There are some things which are considered overtly masculine; gaming is one of them. Despite the statistics showing the increasing amount of women logging onto Xbox Live accounts, there are few women writing reviews, developing games and turning up as protagonists in them. Even in 2013, there is still a fair way to go before true equality can be realised, though I’d be lying if I said I haven’t seen some changes already; my day at the most recent Tokyo Game Show has proven that I was wrong in some respects, as reports showed that over 40% of attendees were women. Some might say that it’s all in my head, but why would I have this feeling of inferiority if I weren’t conditioned so?

Franki Webb

remmeAs I was trawling my usual gaming haunts this morning, one article in particular caught my eye. It was a piece called “Why publishers refuse games such as Remember Me because of their female protagonists”, by Eurogamer’s Tom Bramwell, and it deals with some of the issues faced by Jean-Maxime Moris, creative director of upcoming adventure game Remember Me, as the team attempted to shop their project around to interested publishers.

Now, you can already imagine what these issues were, given the title of Mr Bramwell’s article, and it’s not something we haven’t seen before. It is, however, another indictment of the state of the industry and its focus on what publishers think its audiences want (and their subsequent refusal to move away from that narrow cone of experiences). Moris told Penny Arcade that some publishers had simply dismissed the concept out of hand because of the protagonist’s gender: “We had some [companies] that said, ‘Well, we don’t want to publish it because that’s not going to succeed. You can’t have a female character in games. It has to be a male character, simple as that.'” It raised some thoughts in my mind, so I’ve decided to tackle a couple of them here.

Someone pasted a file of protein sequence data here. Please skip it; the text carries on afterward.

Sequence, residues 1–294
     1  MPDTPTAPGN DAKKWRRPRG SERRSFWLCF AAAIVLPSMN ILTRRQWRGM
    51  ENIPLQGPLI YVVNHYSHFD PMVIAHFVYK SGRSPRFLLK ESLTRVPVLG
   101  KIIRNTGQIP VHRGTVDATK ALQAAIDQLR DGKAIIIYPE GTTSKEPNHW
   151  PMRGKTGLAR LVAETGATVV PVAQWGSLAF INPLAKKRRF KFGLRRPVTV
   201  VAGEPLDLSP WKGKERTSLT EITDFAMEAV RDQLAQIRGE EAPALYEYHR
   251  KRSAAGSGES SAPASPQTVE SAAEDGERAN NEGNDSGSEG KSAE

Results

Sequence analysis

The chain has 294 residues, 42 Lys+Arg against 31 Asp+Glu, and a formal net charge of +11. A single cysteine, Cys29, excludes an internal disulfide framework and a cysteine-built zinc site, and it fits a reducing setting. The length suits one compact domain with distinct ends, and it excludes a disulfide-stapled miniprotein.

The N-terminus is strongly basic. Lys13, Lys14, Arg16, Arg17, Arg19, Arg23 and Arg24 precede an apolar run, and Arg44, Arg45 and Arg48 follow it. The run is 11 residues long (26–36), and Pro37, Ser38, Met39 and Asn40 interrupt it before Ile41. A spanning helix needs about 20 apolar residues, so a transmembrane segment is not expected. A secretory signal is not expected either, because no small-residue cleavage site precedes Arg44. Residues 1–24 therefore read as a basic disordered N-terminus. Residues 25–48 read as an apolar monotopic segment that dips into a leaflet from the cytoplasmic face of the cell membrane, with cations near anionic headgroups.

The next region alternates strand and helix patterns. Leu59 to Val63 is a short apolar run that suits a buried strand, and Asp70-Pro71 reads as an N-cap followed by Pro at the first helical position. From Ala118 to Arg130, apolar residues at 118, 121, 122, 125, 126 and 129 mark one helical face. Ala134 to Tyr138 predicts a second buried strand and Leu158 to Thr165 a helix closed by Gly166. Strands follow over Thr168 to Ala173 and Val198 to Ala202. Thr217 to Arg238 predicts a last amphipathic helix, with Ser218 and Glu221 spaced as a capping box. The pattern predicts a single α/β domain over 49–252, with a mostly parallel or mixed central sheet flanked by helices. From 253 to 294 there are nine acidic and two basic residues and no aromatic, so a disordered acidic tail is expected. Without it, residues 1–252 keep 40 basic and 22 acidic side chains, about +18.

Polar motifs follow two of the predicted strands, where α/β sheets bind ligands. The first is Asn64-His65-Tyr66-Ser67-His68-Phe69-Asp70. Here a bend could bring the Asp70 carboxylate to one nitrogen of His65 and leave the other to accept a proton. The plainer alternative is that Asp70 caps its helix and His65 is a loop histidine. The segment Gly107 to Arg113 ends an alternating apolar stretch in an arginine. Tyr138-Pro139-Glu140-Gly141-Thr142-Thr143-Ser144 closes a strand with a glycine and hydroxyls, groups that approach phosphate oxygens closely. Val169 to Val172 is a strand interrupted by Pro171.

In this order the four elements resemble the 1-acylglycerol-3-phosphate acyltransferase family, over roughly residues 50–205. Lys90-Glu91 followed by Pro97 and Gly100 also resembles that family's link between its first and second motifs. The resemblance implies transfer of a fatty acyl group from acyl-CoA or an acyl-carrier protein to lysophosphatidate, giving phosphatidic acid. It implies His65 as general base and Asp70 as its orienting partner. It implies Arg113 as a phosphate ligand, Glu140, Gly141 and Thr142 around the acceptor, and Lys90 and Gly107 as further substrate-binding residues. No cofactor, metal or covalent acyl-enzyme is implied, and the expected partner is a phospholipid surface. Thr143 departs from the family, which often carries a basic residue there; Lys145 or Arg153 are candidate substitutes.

An increasing number of gamers are women. This shouldn’t need pointing out, but the quote above suggests that, sadly, it needs to be. According to the Entertainment Software Association, almost 40% of American gamers are female (I don’t know what the percentage is here in the UK, but let’s assume it’s similar). Why is it ok to alienate them, but not male gamers? Almost half of their addressable audience is apparently of no consequence to these people.

Another quote from Moris:

“We wanted to be able to tease on Nilin’s private life, and that means for instance, at one point, we wanted a scene where she was kissing a guy. We had people tell us, ‘You can’t make a dude like the player kiss another dude in the game, that’s going to feel awkward.'”